MORE: Folktales from India
The Beckoning Cat by Koko Nishizuka, illustrated by Rosanne Litzinger. This is another, very different version of the Lucky Cat legend. Yohei, a young boy, lives in poverty with his family. Although the family owns a fish shop, the father becomes ill and the family struggles. One rainy night a cat appears at the door. Yohei shows kindness to the cat and the cat takes up residence at the door of the fish shop, beckoning customers to come into the shop.
Bamboo Hats and a Rice Cake by by Ann Tompert. Japanese characters are placed in the text, much like pictures are in a rebus. (Don't fret, translations are given in the sidebar.) A poor elderly couple must sell the wife's wedding dress in order to buy rice cakes. On the way to the market, the man passes six statues of Jizo. He bows, asking forgiveness that he has nothing to offer them, but promises to bring something on the return journey. Through several kind-hearted trades at the market, the old man is left, not with rice, but with a collection of hats. On his way home he passes the statues once again, and although he still has nothing to offer them, he places a hat on each head. This action makes its own kind of magic and compassion.
Wabi Sabi by Mark Reibstein, illustrated by Ed Young. I plucked this selection from my haiku book list. A cat named Wabi Sabi sets off on a journey to find the meaning of her name and along the way discovers ways of seeing beauty in simplicity, an important concept in Zen Buddhism, and also the meaning of his name. The story is accompanied by haikus that act as both punctuation marks in the story as well as moments in which the cat learns how to see beauty in simplicity.
The theme of Three Samurai Cats: A Story from Japan by Eric A. Kimmel, illustrated by Mordicai Gerstein will likely be familiar to you, even if you don't have much experience with Japanese folk stories. A lord (in this case a dog) is having a bit of trouble with a gigantic rat (aren't we all) so he calls at the monastery to get some help. The monk sends him, in succession, three samurai cat-warriors, all of whom fail to vanquish the rat. He then sends a Zen master, who shows that violence is not the answer. There is a great note in the back of the book explaining that it's okay that the story is a bit oddly told, as that is common for tales with zen messages. My 5 year old really liked this book and the illustrations are quite amusing.
The Boy Who Drew Cats by Margaret Hodges, illustrated by Aki Sogabe. Have you noticed the abundance of cats on this book list? The parents of a young boy decide he is not cut out for farming and send him away to train as a priest. Although the boy studies hard, what he most loves to do is draw pictures of cats, so the priest sends him away to become an artist. The priest gives him a snippet of advice which the boy does not understand, but when he comes to an abandoned temple, the advice and his penchant for drawing cats has unexpected but happy consequences.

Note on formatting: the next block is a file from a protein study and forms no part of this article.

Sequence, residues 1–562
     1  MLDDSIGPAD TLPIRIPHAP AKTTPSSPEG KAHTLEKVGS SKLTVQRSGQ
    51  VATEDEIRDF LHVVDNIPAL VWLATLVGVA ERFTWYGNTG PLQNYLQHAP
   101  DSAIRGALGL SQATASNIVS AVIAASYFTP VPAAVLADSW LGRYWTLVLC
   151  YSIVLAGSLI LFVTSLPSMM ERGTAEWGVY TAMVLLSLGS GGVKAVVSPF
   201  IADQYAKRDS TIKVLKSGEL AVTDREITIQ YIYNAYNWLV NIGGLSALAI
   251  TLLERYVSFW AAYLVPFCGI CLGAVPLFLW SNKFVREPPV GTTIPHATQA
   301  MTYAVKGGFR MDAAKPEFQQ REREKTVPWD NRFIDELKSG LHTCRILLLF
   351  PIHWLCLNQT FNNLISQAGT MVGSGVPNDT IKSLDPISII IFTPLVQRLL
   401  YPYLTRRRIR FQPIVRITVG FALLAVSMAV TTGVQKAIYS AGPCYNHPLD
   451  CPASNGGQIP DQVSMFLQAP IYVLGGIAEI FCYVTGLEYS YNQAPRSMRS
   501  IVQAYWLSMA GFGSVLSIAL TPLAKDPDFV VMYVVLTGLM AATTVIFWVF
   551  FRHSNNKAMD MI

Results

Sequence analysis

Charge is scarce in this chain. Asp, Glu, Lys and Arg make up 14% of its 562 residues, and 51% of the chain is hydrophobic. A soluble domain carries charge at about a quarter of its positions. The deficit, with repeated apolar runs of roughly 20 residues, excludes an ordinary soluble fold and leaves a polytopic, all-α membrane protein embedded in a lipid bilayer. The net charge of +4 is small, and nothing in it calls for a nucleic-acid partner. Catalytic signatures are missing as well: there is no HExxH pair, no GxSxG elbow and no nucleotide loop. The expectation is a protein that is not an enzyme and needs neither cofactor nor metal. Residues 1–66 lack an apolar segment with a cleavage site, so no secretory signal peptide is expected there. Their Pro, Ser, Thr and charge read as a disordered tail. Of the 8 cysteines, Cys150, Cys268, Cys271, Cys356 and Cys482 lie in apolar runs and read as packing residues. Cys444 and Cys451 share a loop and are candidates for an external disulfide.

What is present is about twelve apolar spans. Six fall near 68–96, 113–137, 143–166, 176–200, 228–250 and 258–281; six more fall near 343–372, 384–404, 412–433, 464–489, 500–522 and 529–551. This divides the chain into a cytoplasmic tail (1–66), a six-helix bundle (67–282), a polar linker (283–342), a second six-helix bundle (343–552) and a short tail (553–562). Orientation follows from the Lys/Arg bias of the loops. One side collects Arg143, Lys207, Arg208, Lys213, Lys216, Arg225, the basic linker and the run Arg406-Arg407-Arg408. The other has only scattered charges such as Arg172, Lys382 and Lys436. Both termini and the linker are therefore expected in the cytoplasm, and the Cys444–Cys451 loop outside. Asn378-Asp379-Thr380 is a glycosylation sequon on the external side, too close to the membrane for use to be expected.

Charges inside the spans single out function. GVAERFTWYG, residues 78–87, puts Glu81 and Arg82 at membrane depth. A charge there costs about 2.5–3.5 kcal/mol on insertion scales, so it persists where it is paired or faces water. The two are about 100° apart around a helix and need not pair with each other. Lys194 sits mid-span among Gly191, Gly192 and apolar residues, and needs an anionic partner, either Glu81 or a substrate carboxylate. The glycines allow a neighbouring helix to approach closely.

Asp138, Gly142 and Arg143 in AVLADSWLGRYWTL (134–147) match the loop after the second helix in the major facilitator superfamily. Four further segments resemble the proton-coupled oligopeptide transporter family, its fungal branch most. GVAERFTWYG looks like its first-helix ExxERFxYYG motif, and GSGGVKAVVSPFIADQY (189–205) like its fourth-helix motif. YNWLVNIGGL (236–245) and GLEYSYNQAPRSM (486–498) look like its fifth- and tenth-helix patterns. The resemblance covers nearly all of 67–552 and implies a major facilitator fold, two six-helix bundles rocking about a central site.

Momotaro and the Island of Ogres by Stephanie Wada, illustrated by Kano Naganobu. It's quite long for a picture book, but I love the hand scroll illustrations! There is a long note about the artist at the end of the book. Momotaro is an extraordinary boy, found when he was an infant inside a large peach. He grows up to be strong, kind and brave. He sets off on a journey to battle the ogres, but his good fortune and excellent character traits mean he does not have to vanquish them so much as turn them from their wicked ways.
The Crane Wife by Odds Bodkin, illustrated by Gennadii Spirinis. One stormy night a crane crashes to the ground and is nurtured by Osamu, a lonely sailmaker. Shortly thereafter, a mysterious and secretive young woman shows up his house. The pair are later married, but live in poverty until one day Yukiko begins to weave wondrous sails to sell. When the promise of more gold than he can imagine overcomes his reason he makes choices that have consequences he cannot escape.
The Farmer and the Poor God by Ruth Wells, illustrated by Yoshi. A farmer and his family believe they are poor because of the poor god who lives in their attic (not because they are a little bit lazy). The only way they believe they can escape poverty is to move. The god overhears them and decides to go with them, and the family realizes they may not be able to lose their unlucky companion after all. Instead, they start to sell the sandals that the poor god had made for the abandoned journey and realize the value both of work, and the god that lives in their attic.